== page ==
A detailed review on Pokemon Go Privacy Settings

You’ve heard of Pokémon GO, but how much do you really know about the latest mobile gaming craze? We dive into how everything Pikachu affects your online privacy. Should you tweak your settings or alter your permissions before you try to catch ’em all? It’s time to find out.

Pokémon GO is a sensation of a scale we’ve not seen for quite some time. The craze element is familiar, but this game’s mechanics put a whole new spin on the phenomenon. It’s location-based, so data about you is crucial to the whole operation. But what happens to that data, and how much does Niantic really know about us?I’ve trawled through Niantic’s privacy policy and terms of service documents to find out whether Pokémon GO really is about to steal your credit card details and starting posting as you on Facebook.

The Pokémon Go Privacy Problem — Is it safe?

Should we be worried? The answer is not simple, and has already caused a US Senator, Al Franken, to raise concerns about exactly what Pokémon GO is doing with our data. First off, we need to examine the sort of data the app harvests. As with virtually any game like this, basic personal details are snagged before you’ve even started. It knows your name and your email address, because you either have to make a Pokémon Club account or sign in using your Google address.

Indeed, the iPhone version of the app may still have access to your entire Google account if you choose to register by that method, rather than manually creating a Pokémon Club account.Niantic claims this is a mistake. I really, really hope it’s telling the truth there, because otherwise it can read your emails and monitor your entire digital life, which really isn’t cool.

It may be fixed by the time you read this, but if you’re concerned, make sure you’ve updated to the latest version of the app. That’s not all you need to worry about though…

A detailed review on Pokemon Go Privacy Settings

Examining Permissions

The first genuine complexity pops-up when you start running the Android version, which thanks to Android Marshmallow’s new disclaimer, tells us exactly what permissions are requested, one-by-one.Some of these are obvious. It needs the camera because this is fundamentally an augmented reality game. It needs your location because, again, it’s what Pokémon GO is about.It needs storage access to store additional data – another no-brainer. The eyebrow-raiser is that the game also asks for access to your Contacts.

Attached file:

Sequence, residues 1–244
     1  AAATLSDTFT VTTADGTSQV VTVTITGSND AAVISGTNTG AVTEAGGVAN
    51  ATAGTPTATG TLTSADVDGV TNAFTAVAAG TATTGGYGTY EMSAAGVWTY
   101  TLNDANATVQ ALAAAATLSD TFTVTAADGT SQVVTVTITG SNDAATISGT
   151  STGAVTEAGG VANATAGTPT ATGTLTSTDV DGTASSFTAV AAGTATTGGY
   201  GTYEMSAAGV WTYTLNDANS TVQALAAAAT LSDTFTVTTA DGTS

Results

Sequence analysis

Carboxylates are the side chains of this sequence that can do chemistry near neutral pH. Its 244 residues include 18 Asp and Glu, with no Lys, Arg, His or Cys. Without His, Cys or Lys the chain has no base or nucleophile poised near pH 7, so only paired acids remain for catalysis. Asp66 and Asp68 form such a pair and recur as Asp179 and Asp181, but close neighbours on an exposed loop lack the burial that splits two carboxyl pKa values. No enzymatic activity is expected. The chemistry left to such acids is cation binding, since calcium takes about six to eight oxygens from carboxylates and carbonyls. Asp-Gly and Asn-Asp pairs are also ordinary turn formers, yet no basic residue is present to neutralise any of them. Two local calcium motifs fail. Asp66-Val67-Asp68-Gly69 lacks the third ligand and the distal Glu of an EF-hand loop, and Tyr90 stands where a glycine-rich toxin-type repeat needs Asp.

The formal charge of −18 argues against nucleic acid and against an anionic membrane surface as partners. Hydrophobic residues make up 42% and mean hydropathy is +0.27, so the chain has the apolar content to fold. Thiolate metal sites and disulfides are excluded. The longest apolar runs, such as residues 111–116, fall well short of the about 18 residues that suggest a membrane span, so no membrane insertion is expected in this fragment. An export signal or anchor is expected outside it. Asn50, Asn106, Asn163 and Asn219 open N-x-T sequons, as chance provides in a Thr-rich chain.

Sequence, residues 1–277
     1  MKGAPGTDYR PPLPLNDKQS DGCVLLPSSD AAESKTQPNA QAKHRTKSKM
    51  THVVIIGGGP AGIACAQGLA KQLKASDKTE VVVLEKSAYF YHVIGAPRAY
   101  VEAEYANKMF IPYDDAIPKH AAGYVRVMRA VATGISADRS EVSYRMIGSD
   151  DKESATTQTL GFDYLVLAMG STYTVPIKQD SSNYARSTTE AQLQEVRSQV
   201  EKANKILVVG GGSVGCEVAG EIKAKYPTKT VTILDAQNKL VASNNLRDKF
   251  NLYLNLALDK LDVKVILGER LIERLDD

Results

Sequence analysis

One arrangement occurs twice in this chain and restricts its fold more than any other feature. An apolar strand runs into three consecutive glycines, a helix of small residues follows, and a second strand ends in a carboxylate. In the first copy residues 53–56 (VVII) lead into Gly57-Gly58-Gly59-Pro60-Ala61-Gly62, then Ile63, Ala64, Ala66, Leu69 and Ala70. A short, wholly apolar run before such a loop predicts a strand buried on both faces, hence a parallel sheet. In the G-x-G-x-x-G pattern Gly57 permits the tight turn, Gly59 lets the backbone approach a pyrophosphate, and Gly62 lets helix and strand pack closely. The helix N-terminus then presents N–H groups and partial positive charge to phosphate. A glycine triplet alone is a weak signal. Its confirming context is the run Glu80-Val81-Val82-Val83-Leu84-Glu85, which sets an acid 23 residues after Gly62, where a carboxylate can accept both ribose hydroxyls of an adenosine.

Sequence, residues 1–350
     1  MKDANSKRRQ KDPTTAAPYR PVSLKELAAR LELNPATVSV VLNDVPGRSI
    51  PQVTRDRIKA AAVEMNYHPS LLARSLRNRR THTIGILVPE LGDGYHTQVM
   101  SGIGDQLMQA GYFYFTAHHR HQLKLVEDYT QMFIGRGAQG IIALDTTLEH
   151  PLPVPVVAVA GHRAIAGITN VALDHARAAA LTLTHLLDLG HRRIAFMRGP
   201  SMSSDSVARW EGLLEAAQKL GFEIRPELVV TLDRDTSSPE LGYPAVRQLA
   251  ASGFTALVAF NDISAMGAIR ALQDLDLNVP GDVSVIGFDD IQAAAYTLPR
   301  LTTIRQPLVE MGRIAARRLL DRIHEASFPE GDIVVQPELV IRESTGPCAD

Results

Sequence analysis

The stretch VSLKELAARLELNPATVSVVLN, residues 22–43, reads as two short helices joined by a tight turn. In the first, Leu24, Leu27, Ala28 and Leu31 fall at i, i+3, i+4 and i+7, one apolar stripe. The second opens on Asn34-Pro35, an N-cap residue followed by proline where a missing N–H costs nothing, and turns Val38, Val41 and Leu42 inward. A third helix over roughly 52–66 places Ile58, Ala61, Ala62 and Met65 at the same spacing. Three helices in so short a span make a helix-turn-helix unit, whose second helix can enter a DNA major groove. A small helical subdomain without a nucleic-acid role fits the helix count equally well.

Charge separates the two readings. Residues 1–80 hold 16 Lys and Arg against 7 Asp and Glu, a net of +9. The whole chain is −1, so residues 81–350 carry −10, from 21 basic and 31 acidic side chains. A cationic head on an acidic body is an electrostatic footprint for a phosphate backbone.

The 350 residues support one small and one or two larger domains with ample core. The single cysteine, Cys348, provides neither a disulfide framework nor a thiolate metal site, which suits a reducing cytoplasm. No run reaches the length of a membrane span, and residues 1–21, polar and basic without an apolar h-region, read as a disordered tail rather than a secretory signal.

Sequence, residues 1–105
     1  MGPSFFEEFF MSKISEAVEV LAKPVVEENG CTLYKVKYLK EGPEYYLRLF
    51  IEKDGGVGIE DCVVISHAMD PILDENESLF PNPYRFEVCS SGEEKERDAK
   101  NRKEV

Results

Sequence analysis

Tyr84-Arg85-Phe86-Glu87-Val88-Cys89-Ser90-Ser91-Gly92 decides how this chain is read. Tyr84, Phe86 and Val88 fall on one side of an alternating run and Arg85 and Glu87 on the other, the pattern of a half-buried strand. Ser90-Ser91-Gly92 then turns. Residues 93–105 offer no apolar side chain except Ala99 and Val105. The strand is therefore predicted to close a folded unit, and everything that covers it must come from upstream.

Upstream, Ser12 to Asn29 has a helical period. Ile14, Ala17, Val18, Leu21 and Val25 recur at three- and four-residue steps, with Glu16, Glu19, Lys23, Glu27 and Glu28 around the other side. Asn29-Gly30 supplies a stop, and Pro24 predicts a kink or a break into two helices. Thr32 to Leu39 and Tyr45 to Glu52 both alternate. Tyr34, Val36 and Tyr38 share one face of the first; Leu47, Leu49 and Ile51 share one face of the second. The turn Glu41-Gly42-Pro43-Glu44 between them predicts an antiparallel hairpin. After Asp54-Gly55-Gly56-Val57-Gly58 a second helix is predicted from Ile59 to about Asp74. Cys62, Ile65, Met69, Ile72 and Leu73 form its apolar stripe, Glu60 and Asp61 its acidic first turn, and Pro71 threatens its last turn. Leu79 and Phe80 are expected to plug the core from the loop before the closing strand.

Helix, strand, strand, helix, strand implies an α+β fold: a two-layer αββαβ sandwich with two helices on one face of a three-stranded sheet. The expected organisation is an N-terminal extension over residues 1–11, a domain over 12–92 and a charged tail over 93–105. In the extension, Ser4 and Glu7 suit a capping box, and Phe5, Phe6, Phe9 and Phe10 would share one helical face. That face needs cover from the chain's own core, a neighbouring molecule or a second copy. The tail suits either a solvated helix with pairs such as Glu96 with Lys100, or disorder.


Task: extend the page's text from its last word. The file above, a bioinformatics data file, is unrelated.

There are plans to make Pokémon GO a multiplayer experience, but right now, that’s not the case. I’ve found no need for Contacts access as yet and chances are it won’t help you find Pikachu either.Niantic appears to have built pre-emptive permissions into this app, ready for the next update. That is if we are to assume the Pokémon series hasn’t simply gone evil and become a Trojan horse for corporate info-gathering.The way it asks for permissions suggests it’s simply a case of Pokémon GO, despite its insane popularity, still being a fairly rough-edged beta. All permissions are requested as the app is run, rather than as they’re needed. It’s clunky. You can also withdraw Contacts permissions in your Android phone’s settings menu and the app will still be a-go.

At least Pokémon GO doesn’t also want microphone access too, which would make it a potential one-stop surveillance app.

Location, Location, Location

To find out what Pokémon GO feels it is entitled to do with its data, we have to look into the game’s terms of service and privacy policy.

“The App is a location based game. We collect and store information about your (or your authorised child’s) location when you (or your authorised child) use our App and take game actions that use the location services made available for you (or your authorised child’s) device’s mobile operating system.”

This is as close as we get to a summation of what Pokémon GO does with our data at present. There’s no mention of any camera data being stored or uploaded, no horror-show style clauses you might find in Facebook’s ToS.


Terms of Service documents are there to cover Niantic’s backside should something go wrong, with language that veers wildly between the vague and the pin-point specific when it suits the company. Still, the fact that Pokémon GO downloads more than three times as much data as it uploaded suggests image steals are unlikely.

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